Win2K Support Tools; Diagnosing Connectivity Problems

Win2K Support Tools
Did you know that many of the Microsoft Windows NT Server 4.0 Resource Kit utilities and tools are available on every Windows 2000 distribution CD-ROM? To install these utilities, run setup.exe from the CD-ROM's Support folder. You can install the setup program in just a few seconds, and you don’t need to reboot after the installation completes.

When the setup program finishes, you’ll find a new Start menu Program group called Win2K Support Tools that contains an excellent Help file that documents nearly 50 utilities. The Help file organizes these utilities into six categories: computer management, deployment, diagnostic, file and disk tools, network management, and performance tools. Some of the utilities are standalone programs, and some are Microsoft Management Console (MMC) snap-ins; all of them will help you diagnose and troubleshoot problems with Active Directory (AD), replication, server-to-server and server-to-workstation connectivity, ACLs, DNS, and more.

Microsoft periodically releases updates for Win2K Support Tools. To stay current, you should examine the Support folder that ships with every service pack and update your installation whenever you find that the folder contains new files.

Diagnosing Win2K Connectivity Problems
When network connectivity is an ongoing problem, install the Win2K Support Tools, open a command prompt on the system experiencing the problem, and run the Netdiag tool. This comprehensive tool runs 25 different tests on the local system to identify and test local network-specific configuration information and global connectivity status. The local tests analyze and report on installed hotfixes, TCP/IP configuration, and installed network adapter status. The global tests analyze domain membership, TCP/IP gateway status, browser operation, WINS and DNS status, Win2K domain controller (DC) discovery, active trust relationships, Kerberos and Lightweight Directory Access Protocol (LDAP) status, and active modem and active WAN connection status.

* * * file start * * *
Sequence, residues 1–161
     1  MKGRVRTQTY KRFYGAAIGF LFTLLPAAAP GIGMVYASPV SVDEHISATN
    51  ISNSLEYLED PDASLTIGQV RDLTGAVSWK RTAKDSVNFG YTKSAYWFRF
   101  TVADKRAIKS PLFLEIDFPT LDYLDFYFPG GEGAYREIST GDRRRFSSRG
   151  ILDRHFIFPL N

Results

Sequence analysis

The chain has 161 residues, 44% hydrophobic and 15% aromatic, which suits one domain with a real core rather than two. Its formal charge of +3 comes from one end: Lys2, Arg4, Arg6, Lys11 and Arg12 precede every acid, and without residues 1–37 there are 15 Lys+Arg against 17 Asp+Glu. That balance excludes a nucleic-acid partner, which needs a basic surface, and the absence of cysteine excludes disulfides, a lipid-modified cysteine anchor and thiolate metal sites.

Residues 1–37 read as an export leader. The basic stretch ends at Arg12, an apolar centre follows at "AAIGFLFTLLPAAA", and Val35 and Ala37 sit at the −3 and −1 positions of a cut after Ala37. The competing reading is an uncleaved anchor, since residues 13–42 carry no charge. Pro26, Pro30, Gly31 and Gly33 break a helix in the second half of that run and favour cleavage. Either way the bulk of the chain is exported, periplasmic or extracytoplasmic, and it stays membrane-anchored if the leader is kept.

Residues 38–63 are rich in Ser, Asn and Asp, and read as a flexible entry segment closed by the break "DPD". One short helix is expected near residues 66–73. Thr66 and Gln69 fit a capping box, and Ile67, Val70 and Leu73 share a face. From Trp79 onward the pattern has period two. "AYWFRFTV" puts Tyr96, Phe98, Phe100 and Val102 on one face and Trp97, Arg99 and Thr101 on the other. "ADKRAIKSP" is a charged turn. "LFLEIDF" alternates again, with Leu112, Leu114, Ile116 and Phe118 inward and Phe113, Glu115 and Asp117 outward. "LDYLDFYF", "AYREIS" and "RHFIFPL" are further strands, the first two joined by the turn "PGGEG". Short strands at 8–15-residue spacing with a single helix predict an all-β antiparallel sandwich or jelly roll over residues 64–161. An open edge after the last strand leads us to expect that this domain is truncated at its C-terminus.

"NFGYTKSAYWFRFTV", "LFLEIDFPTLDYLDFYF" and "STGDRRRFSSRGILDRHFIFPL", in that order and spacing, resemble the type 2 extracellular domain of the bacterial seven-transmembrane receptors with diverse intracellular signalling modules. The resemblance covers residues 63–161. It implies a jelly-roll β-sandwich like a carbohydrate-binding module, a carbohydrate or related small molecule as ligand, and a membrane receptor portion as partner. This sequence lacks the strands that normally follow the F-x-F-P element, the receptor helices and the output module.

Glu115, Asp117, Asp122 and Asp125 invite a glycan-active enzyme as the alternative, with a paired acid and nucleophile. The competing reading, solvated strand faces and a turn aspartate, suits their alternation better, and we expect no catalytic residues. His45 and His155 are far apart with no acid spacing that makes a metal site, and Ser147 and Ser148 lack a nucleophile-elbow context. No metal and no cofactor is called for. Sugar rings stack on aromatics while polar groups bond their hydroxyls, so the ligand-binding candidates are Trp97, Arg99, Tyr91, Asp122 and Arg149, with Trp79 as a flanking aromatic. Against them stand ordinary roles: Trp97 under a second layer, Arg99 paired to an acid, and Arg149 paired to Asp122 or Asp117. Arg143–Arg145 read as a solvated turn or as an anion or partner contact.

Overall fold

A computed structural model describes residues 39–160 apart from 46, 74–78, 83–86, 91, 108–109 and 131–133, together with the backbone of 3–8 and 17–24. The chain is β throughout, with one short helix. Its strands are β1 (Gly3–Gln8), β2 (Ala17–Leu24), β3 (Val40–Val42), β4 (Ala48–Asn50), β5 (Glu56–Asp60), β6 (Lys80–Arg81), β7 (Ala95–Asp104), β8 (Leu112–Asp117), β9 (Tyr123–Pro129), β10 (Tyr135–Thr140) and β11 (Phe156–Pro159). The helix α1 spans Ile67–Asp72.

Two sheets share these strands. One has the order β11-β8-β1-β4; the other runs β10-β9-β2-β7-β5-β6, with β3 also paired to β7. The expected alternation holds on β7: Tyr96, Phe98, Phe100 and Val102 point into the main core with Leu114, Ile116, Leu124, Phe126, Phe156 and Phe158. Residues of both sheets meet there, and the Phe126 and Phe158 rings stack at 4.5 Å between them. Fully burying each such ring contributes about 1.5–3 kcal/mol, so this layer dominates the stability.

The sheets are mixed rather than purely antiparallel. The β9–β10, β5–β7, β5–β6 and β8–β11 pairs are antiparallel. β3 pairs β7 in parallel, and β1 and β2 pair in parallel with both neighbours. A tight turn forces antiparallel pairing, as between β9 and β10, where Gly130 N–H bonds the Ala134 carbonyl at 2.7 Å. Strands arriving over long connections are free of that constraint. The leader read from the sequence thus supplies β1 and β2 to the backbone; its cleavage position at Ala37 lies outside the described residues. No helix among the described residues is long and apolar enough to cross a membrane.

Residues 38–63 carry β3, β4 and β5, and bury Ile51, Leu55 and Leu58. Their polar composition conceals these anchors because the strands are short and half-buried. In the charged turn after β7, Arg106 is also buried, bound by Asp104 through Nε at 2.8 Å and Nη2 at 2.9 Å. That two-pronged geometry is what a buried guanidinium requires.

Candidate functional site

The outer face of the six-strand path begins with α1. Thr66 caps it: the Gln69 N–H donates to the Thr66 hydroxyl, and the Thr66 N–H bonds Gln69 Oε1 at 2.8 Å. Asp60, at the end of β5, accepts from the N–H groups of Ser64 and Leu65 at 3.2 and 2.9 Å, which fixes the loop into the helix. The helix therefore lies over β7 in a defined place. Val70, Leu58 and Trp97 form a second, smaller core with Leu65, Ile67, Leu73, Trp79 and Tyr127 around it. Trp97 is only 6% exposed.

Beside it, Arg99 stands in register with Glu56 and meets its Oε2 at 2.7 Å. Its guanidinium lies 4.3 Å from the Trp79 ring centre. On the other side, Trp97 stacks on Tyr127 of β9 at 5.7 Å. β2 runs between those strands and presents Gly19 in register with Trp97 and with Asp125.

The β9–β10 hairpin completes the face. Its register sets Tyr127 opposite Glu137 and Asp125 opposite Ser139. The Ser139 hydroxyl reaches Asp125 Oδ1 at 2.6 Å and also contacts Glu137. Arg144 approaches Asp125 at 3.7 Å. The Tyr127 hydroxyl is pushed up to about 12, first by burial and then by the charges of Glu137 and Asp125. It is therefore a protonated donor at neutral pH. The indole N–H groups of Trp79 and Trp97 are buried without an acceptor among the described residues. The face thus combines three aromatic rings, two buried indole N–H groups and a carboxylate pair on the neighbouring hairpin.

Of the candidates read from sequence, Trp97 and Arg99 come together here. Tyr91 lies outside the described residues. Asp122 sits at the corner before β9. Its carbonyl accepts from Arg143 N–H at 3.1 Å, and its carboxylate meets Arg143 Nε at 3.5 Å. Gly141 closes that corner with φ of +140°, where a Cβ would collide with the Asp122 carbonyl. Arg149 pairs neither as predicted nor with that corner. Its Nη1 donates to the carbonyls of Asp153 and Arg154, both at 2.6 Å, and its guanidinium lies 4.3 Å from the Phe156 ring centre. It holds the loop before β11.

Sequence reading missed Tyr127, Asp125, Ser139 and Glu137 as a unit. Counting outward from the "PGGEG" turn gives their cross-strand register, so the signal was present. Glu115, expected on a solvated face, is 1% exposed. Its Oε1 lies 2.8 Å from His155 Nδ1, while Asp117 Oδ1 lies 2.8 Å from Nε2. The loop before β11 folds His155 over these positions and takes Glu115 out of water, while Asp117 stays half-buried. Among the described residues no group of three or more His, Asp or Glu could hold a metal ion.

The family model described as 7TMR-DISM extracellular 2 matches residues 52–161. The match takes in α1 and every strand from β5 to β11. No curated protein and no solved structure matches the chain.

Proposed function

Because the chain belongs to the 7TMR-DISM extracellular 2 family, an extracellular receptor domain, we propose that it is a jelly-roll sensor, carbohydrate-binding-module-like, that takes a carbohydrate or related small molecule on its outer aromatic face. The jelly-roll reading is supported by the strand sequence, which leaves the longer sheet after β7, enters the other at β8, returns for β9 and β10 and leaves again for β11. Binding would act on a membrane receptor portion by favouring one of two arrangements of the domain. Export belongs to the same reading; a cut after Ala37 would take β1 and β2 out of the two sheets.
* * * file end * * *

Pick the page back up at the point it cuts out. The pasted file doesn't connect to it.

When you run netdiag.exe, include the /l switch (i.e., netdiag /I) to direct Netdiag’s output to the log file netdiag.log so that you can peruse the results in a text file instead of scrolling through a large console window. The best thing about this utility is that with one operation, Netdiag can deliver a full synopsis of most critical network components. When you save the output, you can compare systems with connectivity problems and try to identify common problems, and you can produce before and after status reports.

Using the following switches, you can specify the amount of detail that each test reports:

  • /q (quiet)—reports errors only
  • /v (verbose)—include some relevant information
  • /d (debug)—provide all available details

Use these switches to troubleshoot specific Win2K DC discovery issues:

  • /d:<domain name>—find a DC in the specified domain
  • /DcAccountEnum—enumerate DC machine accounts

You might consider installing this utility locally on every workstation to provide detailed troubleshooting information and assist with remote diagnosis. If Netdiag is part of your standard configuration, users experiencing problems can run the report and share the results on the phone, on a network share, or via email.

Application Center 2000 Hotfix Package
If you’re running Application Center 2000, you should be interested in the hotfix bundle that Microsoft released a couple of weeks ago. This package includes updates that correct access violations in Inetinfo and Windows Management Instrumentation (WMI), a Network Load Balancing (NLB) memory leak, and a DHCP gateway problem. The hotfix package is self-installing. You must call Microsoft support to obtain the update.

This hotfix package includes updates that the following Microsoft articles document:

Win2K NLB Bug Fix
Do you remotely administer Win2K NLB servers? If so, you might receive an error message citing a "WMI provider failure" when you try to start the WMI provider to connect to an NLB server. In some cases, a bug in the NLB driver can send the remote control request immediately back to the requesting port on the system where you attempted to start WMI, which results in an invalid remote response. The invalid response prevents WMI from starting properly. You should call Microsoft Support to get the bug fix, which includes new versions of wlbsctrl.dll and wlbsprov.dll that have release dates of May 25, 2000. Microsoft article Q263452 documents this problem.

Win2k NTvdm Bug Fix
Here’s a Win2K update to correct a problem in 16-bit programs that call the GlobalAlloc() API repeatedly to allocate large amounts of memory (i.e., in the 1.5MB to 8MB range). After repeated calls to GlobalAlloc(), a bug in the 16-bit memory manager causes the calling program to stop responding and hang. If you still maintain or support 16-bit programs, eliminate this problem by installing the new version of ntvdm.exe. You can only get the new file, which has a release date of February 12, 2001, from Microsoft Support. This correction is probably too late for inclusion in Win2K Service Pack 2 (SP2).

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